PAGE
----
A hammered copper handle on a black glazed lidded pot.
Linen square with hand embroidery made by Renaud’s mother, along with a black glazed tray and antique arrow head.
Detail of a carved bowl.
Black and white plate collection.
A carved rabbit “candle snuff” and South American wedding belt.
Our table featured work with both white and black glaze. This series was made specifically for this exhibition.
A charcoal drawing of Stockholm made by Renaud’s pottery teacher.
Small bowls with painted animal motifs.
The detail of a small pourer on a rock from the river near Cent-ans.
The small size white glazed pourer with a celadon drip.
A white bowl with a rim of clay found at cent-ans.
A porcelain cover with carved turtle figure.
A bowl with carved rat figure at the bottom.
Another candle snuff.
A tall porcelain flower vase with moat.
Bowls inspired by hammered metal.
A gourd pitcher inspired by the painting behind, made by Renaud many years ago.
A carved bowl featuring both black glaze, and celadon rim next to a “beehive” inspired vessel. The framed picture behind is actually made from a wasp’s nest.
A small teacup with a leaf motif.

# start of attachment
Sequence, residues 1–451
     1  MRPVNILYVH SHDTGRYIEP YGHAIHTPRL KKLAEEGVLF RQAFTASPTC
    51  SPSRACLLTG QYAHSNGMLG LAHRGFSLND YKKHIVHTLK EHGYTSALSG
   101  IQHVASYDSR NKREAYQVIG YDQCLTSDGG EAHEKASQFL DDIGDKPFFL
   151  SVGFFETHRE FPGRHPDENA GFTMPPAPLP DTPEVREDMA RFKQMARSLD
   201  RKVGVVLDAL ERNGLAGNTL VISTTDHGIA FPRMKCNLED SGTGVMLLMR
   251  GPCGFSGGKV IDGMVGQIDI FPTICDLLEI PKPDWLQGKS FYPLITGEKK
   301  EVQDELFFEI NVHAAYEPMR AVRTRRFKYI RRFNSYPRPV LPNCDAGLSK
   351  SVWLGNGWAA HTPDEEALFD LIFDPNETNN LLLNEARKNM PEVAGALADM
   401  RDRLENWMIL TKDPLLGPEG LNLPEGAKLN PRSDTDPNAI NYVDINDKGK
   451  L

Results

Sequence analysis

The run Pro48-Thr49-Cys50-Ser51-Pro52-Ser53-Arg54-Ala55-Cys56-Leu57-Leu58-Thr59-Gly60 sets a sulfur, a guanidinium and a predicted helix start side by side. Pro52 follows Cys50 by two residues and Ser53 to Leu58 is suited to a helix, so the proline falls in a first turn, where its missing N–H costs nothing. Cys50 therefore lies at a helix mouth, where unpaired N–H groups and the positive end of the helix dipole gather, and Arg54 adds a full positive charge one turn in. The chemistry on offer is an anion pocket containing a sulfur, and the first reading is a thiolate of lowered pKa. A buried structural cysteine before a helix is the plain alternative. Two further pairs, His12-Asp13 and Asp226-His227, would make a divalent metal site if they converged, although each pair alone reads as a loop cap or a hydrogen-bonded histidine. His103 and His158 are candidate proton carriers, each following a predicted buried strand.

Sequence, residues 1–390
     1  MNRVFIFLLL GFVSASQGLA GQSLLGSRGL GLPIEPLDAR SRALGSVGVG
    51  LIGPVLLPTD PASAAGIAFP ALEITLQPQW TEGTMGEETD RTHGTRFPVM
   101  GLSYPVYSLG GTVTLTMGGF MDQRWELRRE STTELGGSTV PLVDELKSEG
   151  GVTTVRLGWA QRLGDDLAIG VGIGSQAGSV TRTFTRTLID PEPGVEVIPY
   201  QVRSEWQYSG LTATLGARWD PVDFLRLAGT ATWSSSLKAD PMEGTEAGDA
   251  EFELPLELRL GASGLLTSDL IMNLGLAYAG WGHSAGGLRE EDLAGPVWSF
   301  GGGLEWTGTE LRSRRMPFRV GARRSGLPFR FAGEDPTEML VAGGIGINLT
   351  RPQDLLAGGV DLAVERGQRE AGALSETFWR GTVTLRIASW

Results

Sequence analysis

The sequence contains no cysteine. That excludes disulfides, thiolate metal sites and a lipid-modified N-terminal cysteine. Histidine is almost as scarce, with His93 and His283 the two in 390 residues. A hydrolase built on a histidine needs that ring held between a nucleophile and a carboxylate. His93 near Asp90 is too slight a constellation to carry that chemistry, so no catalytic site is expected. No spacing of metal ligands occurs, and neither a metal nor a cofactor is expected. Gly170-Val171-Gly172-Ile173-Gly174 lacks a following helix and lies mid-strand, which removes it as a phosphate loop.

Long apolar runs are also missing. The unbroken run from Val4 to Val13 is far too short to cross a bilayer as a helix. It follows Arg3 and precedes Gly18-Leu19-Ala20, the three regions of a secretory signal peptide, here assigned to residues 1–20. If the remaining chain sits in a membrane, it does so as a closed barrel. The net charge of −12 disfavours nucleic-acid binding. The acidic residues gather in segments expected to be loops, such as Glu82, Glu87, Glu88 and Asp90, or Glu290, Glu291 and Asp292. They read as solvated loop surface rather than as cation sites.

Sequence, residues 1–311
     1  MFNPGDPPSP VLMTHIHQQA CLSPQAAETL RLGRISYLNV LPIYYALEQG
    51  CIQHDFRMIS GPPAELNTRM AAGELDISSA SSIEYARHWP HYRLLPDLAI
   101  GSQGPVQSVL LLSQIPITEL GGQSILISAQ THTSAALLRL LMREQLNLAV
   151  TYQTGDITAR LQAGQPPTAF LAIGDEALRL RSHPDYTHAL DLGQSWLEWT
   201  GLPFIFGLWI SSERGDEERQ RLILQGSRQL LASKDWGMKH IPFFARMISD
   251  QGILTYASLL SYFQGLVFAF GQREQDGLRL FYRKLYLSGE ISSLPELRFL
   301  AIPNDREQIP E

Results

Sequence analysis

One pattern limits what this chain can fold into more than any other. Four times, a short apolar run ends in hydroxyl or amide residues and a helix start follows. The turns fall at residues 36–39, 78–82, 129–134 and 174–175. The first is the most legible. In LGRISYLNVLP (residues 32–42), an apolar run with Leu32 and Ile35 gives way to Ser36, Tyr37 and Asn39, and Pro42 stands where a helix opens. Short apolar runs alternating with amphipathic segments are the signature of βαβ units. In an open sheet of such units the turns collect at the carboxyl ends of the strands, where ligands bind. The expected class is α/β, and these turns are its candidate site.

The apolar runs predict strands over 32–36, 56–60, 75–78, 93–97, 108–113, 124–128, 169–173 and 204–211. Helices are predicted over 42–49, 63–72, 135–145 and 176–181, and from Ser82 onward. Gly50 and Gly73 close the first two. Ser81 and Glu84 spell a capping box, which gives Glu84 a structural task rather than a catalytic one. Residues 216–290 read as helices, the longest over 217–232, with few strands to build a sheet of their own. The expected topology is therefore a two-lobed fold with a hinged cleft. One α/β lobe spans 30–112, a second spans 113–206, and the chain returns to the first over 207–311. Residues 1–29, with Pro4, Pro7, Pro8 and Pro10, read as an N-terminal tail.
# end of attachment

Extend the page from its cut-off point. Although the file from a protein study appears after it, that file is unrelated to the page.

A white oak alcove made by Renaud’s partner Gilbert with a black footed flower vase, and a white bowl with black drip.
A small flower vase / planter.
A unique bowl on a antique Korean lacquered wood stand.
“Shiva” carved hanging bowl.
One of my favourite vase forms is the “Mei Ping”, so I asked Renaud to make one for the show. It is really beautiful.
White and blue pottery on the black library shelf.
Magnesium drip footed bowls.
A large serving bowl with a celadon glaze.
A lidded bowl with hidden pattern inspired by embroidery.
A blueberry branch with red leaves in a magnesium rimmed bowl.
An oak lecture stand with exhibition catalogs.
The opening reception was really lovely, and we had the opportunity to meet many of Renaud’s fans who haven’t visited our gallery before.
The restaurant Bricco which is only a few blocks away from us provided the meat and cheese for the evening and it was exceptional. By the end of the night nothing was left.